That is, don’t shy away from the differences, and don’t hide what the public have a right to know and some already know.

The Government is also to be congratulated for sending the clear signal that Government Departments and or their Ministers will be held directly accountable for future disasters which are avoidable, such as the Cave Creek tragedy.

Already a number of Select Committee Inquiries into matters of national importance have been called – and the Government has indicated it will not rule out further inquiries into matters worthy of investigation.

This is an important change in New Zealand politics – and not one to be taken lightly.

Whereas, National consistently shut down any talk of investigations and inquiries – regardless of how much the matter warranted such action – Labour has shown an attitude of openness and frankness that has been lacking for over 15 years.

Even as Treasurer and Deputy Prime Minister in the former National/New Zealand First Coalition Government I faced intense opposition by National, in the aftermath of the Winebox Case, in trying to get those responsible to be held accountable for their actions.

This contrasts significantly with the present Government’s attitude and, in particular, the Finance & Expenditure Select Committee Committee, chaired by Labour’s Mark Peck, seeking more information on outstanding matters relating to the Winebox and those responsible.

However, the issues of personal responsibility and political accountability have still not been adequately addressed – as they would have been long ago in any other Western democracy.

Whilst the commissioning of government and proper and appropriately empowered independent inquiries in the public’s interest are extremely encouraging – calling an inquiry is only the first step.

Only when New Zealanders see how the Government responds to the findings of those inquiries will they be able to assess the degree to which accountability standards have really been improved.

Only then will New Zealanders know with any certainty that the Government practises what it preaches – that it will back up the tough talk with tough action.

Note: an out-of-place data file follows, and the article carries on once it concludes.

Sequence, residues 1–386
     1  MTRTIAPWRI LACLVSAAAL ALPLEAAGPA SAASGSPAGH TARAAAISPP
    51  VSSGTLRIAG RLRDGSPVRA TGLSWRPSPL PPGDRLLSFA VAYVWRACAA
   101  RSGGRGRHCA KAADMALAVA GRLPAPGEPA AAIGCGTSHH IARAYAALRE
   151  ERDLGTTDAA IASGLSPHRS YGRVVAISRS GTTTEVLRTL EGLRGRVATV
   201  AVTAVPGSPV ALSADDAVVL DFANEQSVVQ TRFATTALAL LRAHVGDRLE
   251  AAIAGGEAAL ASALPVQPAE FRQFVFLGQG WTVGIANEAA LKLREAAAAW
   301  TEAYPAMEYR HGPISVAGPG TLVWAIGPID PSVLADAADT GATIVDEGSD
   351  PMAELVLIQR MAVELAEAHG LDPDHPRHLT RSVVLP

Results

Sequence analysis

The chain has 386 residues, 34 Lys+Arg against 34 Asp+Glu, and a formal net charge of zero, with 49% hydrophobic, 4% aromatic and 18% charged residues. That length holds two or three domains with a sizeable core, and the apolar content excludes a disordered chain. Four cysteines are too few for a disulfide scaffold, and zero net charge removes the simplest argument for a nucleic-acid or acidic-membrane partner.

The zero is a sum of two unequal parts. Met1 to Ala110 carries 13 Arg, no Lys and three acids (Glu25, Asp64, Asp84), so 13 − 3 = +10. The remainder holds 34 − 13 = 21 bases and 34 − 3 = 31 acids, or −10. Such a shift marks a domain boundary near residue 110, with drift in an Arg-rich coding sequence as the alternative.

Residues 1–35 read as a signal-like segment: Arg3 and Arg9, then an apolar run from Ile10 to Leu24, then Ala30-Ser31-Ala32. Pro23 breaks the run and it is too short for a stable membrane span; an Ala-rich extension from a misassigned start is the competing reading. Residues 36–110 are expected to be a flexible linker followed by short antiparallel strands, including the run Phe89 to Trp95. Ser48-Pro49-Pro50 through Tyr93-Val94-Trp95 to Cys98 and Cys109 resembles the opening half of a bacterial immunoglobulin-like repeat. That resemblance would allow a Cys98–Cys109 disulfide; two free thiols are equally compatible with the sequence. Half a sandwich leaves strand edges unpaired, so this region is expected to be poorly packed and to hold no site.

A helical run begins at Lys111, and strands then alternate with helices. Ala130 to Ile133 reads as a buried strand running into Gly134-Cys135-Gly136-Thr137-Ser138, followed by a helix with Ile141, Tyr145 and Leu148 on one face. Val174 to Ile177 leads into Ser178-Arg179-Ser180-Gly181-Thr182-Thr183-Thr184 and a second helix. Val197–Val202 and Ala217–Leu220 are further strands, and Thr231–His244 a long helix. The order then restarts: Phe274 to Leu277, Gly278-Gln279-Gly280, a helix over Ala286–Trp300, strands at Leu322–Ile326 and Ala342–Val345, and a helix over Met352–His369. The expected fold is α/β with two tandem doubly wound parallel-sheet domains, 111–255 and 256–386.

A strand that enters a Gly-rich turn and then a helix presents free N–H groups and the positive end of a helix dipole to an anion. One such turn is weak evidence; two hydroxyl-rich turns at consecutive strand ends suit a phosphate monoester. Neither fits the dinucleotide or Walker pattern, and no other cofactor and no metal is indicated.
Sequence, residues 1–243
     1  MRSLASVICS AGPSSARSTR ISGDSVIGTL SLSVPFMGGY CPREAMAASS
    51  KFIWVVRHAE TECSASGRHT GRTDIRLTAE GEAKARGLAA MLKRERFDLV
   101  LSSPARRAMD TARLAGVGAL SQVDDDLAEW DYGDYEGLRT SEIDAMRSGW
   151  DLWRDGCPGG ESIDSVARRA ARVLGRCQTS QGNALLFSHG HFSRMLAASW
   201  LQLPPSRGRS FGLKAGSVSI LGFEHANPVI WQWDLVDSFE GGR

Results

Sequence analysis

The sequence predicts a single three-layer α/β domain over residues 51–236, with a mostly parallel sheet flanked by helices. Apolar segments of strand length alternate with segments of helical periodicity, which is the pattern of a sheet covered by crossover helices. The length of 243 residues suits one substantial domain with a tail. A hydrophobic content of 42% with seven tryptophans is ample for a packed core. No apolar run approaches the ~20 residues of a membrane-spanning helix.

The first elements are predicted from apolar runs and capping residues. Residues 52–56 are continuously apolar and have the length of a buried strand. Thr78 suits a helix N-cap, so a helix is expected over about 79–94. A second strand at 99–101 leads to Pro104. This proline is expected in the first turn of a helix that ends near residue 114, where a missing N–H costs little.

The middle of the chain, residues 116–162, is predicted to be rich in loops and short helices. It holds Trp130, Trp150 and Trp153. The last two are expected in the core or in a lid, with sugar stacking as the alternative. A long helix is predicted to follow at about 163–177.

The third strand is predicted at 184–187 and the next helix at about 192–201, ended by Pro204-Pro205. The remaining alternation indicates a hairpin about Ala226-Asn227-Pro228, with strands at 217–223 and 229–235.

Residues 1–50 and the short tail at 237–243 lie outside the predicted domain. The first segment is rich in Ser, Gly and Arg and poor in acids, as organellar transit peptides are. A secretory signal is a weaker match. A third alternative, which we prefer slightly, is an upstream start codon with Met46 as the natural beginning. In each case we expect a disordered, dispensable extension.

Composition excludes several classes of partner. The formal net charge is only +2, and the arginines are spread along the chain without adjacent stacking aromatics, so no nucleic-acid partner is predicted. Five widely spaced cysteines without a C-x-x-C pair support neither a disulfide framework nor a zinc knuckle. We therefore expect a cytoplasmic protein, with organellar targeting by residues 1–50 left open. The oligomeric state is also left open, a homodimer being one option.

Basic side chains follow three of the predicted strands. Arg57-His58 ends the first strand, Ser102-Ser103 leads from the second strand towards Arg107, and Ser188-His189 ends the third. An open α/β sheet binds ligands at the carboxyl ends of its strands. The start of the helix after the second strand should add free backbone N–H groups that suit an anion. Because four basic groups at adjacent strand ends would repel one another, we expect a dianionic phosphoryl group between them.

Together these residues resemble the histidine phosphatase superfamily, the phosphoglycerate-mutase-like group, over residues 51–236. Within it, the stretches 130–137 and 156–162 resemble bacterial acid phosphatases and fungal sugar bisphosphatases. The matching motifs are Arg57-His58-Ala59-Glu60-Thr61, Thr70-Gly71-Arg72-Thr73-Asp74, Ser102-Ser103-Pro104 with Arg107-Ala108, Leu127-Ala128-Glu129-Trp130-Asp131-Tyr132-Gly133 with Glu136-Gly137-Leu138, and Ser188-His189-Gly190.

For in these matters actions speak louder than words. Take the Winebox case for example.

My Select Committee Paper on the Winebox was presented on 27 April of this year – almost three months ago now.

I have also written to the Attorney General on these matters but thus far I have had only an acknowledgement of receipt of the letter.

There have been prosecutions in other Western democracies for the same actions highlighted in the Winebox Case.

And if this Government is truly more accountable than its predecessor then it is long since past the time when it should have initiated further action – in line with that which has happened in other countries such as Canada and the UK.

Passing the buck, as IRD is trying to do, is simply repugnant.

Helen Clark’s tough talk has already come back to haunt her on other matters – exposing hypocrisy and double standards that New Zealanders have had enough of.

Whilst no one applauds the tactics of the ACT Party, they do not excuse a Member of the Government for being less than honest with his own Party and, most importantly, the New Zealand Public.

John Tamihere mislead both Parliament and the country and, in doing so, has exposed serious leadership weaknesses in his Leader.

The different treatment of Dover Samuels and John Tamihere cannot be disregarded and relates to Helen Clark’s adamant support for John Tamihere over union nominee Davis for the Hauraki Selection.

Less than 2 weeks ago, Ms Clark told TVNZ’s Face the Nation television programme, when questioned about the standard she was setting in her treatment of Dover Samuels, her former Minister of Maori Affairs “the standard is to be honest about your skeletons with your Leader”.

Further, when questioned about the difference between her treatment of Mr Samuels and that of Mr Tamihere the Prime Minister said that “John Tamihere disclosed completely and I commend him for that”.

In that same interview the Prime Minister said that Dennis Marshall should have gone on Day 1 of the Cave Creek affair but instead he was “carried by his Party”.

She said the same of Mr McCully and his Tourism Board fiasco.

Whilst there is no doubting the appalling accountability standards of the National Party, Ms Clark is “carrying” Mr Tamihere now.

Last night on TV 1 News Helen Clark reminded the media of a key principle in our system of justice -“innocent until proven guilty”.

Well at this point in time Dover Samuels has stood aside pending an investigation at his own request, has never had a trial and yet has been dismissed, is clearly innocent of the original allegations by ACT, and is now being “fitted up” in a whispering campaign in which the Prime Minister is involved - and the media know it. Who was it after all who first referred to matters other than the affair 14 years ago? – the Prime Minister.